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Journalists move online in Venezuela as government pressure on media companies grows

Increasing pressure on traditional media in Venezuela over recent years has forced journalists critical of the government to move online in search of refuge. The transition has spurred the creation of several small publications online and has changed the way that Venezuelans, especially those critical of the government, share and receive information.

Venezuela and Colombia top list of Latin American newspapers with most Twitter followers

The newspaper industry may be declining, but its number of Twitter followers is not. Among top newspapers in Latin America, Venezuelan and Colombian publications claim the most Twitter followers, according to our recent survey, which included a sample of leading newspapers across the region. 

Colombian and Mexican journalists win Gabriel García Márquez excellence award

Colombian journalist Javier Dario Restrepo and Mexican journalist Marcela Turati have been announced as the 2014 winners of the Gabriel García Márquez Foundation for New Ibero-American Journalism (FNPI) Acknowledgement of Journalistic Excellence award.

Paramilitary groups in Colombia target journalists with hit lists

Los Urabeños and Los Rastrojos, paramilitary groups in Colombia, have published hits lists threatening a combined ten journalists with consequences if they don’t immediately abandon their posts and leave the towns where they work.

Uruguayan Edison Lanza takes over as OAS Special Rapporteur for Freedom of Expression

Uruguayan journalist and lawyer Edison Lanza was confirmed before the Inter-American Commission on Human Rights (IACHR) as the new Special Rapporteur for Freedom of Expression, replacing Colombian Catalina Botero. Lanza began on October 6 a three-year term, taking over the Special Rapporteur's Office at the Organization of American States (OAS).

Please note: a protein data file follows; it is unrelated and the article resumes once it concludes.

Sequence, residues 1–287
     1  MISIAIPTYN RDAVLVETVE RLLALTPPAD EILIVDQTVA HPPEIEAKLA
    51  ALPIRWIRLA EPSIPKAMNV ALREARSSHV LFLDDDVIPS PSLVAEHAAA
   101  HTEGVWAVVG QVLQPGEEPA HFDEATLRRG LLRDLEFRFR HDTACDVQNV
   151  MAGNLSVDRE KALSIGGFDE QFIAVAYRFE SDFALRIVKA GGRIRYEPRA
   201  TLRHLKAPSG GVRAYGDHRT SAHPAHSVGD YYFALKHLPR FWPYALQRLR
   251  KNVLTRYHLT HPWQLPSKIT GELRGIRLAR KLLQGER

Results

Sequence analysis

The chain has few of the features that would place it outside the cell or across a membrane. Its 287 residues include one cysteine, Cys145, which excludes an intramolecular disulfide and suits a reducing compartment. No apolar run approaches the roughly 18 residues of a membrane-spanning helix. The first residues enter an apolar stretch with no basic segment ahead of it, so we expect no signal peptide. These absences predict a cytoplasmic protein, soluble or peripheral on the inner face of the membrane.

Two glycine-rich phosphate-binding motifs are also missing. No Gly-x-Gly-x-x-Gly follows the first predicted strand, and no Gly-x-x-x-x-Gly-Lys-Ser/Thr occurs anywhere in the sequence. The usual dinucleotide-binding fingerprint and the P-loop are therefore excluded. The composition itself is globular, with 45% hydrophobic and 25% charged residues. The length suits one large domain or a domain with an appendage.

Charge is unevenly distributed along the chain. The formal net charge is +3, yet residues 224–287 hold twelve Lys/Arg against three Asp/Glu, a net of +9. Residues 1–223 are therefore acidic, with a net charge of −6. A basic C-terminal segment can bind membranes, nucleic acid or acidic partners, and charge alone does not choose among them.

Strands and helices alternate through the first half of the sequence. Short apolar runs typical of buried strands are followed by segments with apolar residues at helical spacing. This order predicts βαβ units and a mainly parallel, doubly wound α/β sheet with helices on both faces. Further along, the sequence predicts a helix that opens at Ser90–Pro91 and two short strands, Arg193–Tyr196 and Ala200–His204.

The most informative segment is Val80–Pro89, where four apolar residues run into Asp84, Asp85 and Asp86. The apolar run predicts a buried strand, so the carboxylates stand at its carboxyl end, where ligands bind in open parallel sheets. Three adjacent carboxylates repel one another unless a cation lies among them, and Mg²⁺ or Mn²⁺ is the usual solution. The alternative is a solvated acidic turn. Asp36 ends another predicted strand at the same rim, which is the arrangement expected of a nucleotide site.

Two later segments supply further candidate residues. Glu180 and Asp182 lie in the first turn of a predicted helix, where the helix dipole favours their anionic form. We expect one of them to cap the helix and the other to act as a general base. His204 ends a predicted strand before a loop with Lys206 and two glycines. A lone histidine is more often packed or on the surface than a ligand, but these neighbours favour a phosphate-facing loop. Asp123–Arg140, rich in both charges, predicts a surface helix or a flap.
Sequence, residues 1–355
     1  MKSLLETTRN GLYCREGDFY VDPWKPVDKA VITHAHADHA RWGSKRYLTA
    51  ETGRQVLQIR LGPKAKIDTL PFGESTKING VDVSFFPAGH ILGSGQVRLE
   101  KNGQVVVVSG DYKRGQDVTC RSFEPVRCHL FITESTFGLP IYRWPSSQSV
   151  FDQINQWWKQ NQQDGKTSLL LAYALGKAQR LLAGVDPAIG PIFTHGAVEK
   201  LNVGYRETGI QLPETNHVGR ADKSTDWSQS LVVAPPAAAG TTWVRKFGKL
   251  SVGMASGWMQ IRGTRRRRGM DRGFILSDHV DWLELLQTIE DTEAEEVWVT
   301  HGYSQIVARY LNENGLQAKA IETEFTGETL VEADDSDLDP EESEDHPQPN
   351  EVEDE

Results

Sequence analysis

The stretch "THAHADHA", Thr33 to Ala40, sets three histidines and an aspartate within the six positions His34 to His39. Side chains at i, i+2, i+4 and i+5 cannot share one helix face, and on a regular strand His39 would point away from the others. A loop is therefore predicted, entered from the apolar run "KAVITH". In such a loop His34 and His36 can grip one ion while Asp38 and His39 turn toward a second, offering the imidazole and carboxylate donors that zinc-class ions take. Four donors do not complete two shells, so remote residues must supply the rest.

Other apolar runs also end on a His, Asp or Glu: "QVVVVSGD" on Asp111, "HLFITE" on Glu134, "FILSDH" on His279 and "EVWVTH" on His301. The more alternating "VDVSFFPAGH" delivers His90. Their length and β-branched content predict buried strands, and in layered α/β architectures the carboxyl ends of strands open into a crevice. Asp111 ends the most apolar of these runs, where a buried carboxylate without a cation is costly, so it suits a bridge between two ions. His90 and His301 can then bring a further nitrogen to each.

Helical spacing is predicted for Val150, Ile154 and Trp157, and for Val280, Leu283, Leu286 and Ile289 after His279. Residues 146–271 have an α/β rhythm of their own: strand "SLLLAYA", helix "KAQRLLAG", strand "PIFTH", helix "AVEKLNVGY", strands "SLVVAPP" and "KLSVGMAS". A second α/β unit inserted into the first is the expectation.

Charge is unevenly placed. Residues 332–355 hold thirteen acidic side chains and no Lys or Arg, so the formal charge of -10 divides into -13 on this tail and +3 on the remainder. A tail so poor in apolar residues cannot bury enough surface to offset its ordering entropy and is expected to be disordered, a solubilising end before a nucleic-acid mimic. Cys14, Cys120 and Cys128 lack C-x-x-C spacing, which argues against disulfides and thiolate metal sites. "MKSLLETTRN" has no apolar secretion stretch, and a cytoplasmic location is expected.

Argentine government alleges irregularities in Grupo Clarín's plan to downsize

More than 10 months after Grupo Clarín begrudgingly presented a plan to split the multimedia conglomerate into six companies to comply with the five-year-old Media Law, the Argentine government has alleged irregularities in the plan.

Argentine government alleges irregularities in Grupo Clarín's plan to downsize

More than 10 months after Grupo Clarín begrudgingly presented a plan to split the multimedia conglomerate into six companies to comply with the five-year-old Media Law, the Argentine government has alleged irregularities in the plan.

Paraguay becomes 100th country to sign FOI law

On Sept. 18, Paraguayan President Horacio Cartes signed the country’s first freedom of information (FOI) law, making it the 100th country in the world to pass similar legislation.

Nearly 40 publications affected as Venezuelan newsprint crisis worsens

Venezuela’s oldest daily newspaper, El Impulso, is the latest publication to narrowly avert a shutdown amid an ongoing newsprint (paper) shortage that has affected nearly 40 newspapers and magazines across the country over the past year.

Guatemala’s elPeriódico accuses government of spying on their newsroom

On September 13, the Guatemalan government posted photographs of an unpublished article planned to run three days later on the newspaper elPeriódico, raising questions as to whether or not the government had been spying on the newsroom.